The University of Tennessee Libraries announces the launch of Trace: Tennessee Research and Creative Exchange, a digital repository which will expand access to the university’s intellectual capital and help preserve the creative work of its scholars and researchers.
The National Institute for Mathematical and Biological Synthesis (NIMBioS) at UT Knoxville celebrates its one-year anniversary this month, and thus far, more than 400 individuals from 15 countries and 43 states have participated in various research and educational activities. NIMBioS focuses on advancing research and education at the interface of biology and mathematics. Programs for visitors to NIMBioS facilities began in March 2009, including working groups, investigative workshops, tutorials, and educational opportunities.
External research funding at UT Knoxville increased to more than $175 million in fiscal year 2009, more than doubling last year’s total and setting an all-time high for the campus.
The Center for Business and Economic Research (CBER) at the University of Tennessee, Knoxville, recently released “The Impact of TennCare: A Survey of Recipients 2009,” a study done by Bill Fox, CBER director and economics professor, and Christopher Carty, research associate.
Researchers in the Department of Political Science at UT Knoxville are predicting that newly confirmed Justice Sonia Sotomayor will cast a liberal vote in roughly 67 percent of cases during her first term on the Supreme Court, which will make her the most liberal member of the current court. These predictions are based upon a statistical analysis of the voting patterns exhibited by previously confirmed Supreme Court justices.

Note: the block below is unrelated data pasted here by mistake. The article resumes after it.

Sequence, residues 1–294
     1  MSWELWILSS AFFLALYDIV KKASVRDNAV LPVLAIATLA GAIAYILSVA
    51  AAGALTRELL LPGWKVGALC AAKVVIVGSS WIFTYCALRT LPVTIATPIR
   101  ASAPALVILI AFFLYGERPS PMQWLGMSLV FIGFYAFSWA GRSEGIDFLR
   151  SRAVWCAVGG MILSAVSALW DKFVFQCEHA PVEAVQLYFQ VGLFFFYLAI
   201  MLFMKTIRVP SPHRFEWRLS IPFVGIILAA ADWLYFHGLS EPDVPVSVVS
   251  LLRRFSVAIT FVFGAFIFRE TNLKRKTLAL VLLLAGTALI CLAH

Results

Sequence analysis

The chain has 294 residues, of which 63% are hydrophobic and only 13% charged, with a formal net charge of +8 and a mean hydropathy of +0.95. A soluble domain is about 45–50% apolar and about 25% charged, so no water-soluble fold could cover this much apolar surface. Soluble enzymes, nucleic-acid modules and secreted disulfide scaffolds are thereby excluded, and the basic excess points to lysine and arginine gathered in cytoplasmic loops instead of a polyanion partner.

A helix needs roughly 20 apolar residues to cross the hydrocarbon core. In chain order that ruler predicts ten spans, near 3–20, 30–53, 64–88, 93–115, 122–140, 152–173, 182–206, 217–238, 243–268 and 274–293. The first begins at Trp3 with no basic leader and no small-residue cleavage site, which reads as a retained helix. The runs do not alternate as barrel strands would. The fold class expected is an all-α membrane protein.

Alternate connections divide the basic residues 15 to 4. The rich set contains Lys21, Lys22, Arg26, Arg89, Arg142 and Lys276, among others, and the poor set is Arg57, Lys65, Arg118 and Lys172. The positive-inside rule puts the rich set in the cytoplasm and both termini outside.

Scientists at the University of Tennessee, Knoxville, and Lawrence Berkeley National Laboratory have published new findings about a cause of a condition at the root of genetic disorders such as Down Syndrome, pregnancy loss and infertility.
Top scientists are lined up for a chance to get their hands on the Kraken supercomputer, but a group of undergraduate students from UT Knoxville had a unique opportunity to put the computer to use. The computer, funded by a $65 million grant to UT Knoxville from the National Science Foundation (NSF), is the fastest academic supercomputer in the world, and the opportunity to use the machine is rare enough for elite researchers, much less for undergraduates.
Three professors at UT-Knoxville, have won $1.6 million in grants that will be used to recruit and educate the next generation of librarians and faculty members, to improve library technology and to shore up the technological expertise of regional library leaders.
Yilu Liu, an expert in the technologies used to monitor power grids and a researcher in ways to create the next generation “smart grid,” has been named the fourth University of Tennessee-Oak Ridge National Laboratory Governor’s Chair. Liu, currently the director of the Center for Power Engineering at Virginia Tech, will hold appointments at ORNL’s energy and transportation science division and the department of electrical engineering and computer science in UT Knoxville’s College of Engineering.
Add one more top 10 finish to the list of accomplishments at UT Knoxville: home to the world’s most powerful academic supercomputer. Called Kraken, the computer has been named the world’s sixth fastest in the most recent edition of the Top500 list of the most powerful computers, announced today at the International Supercomputing Conference in Hamburg, Germany.